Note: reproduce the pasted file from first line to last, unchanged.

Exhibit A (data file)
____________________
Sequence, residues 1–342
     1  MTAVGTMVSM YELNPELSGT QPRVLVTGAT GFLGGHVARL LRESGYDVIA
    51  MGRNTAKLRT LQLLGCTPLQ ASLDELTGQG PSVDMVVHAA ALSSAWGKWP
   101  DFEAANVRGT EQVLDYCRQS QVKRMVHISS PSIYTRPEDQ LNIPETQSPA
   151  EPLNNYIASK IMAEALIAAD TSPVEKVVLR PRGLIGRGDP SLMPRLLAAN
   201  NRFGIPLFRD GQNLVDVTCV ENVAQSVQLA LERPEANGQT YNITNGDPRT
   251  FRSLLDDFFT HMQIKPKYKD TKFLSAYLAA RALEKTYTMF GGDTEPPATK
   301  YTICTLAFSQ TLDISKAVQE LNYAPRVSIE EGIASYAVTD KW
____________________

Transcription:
Sequence, residues 1–342
     1  MTAVGTMVSM YELNPELSGT QPRVLVTGAT GFLGGHVARL LRESGYDVIA
    51  MGRNTAKLRT LQLLGCTPLQ ASLDELTGQG PSVDMVVHAA ALSSAWGKWP
   101  DFEAANVRGT EQVLDYCRQS QVKRMVHISS PSIYTRPEDQ LNIPETQSPA
   151  EPLNNYIASK IMAEALIAAD TSPVEKVVLR PRGLIGRGDP SLMPRLLAAN
   201  NRFGIPLFRD GQNLVDVTCV ENVAQSVQLA LERPEANGQT YNITNGDPRT
   251  FRSLLDDFFT HMQIKPKYKD TKFLSAYLAA RALEKTYTMF GGDTEPPATK
   301  YTICTLAFSQ TLDISKAVQE LNYAPRVSIE EGIASYAVTD KW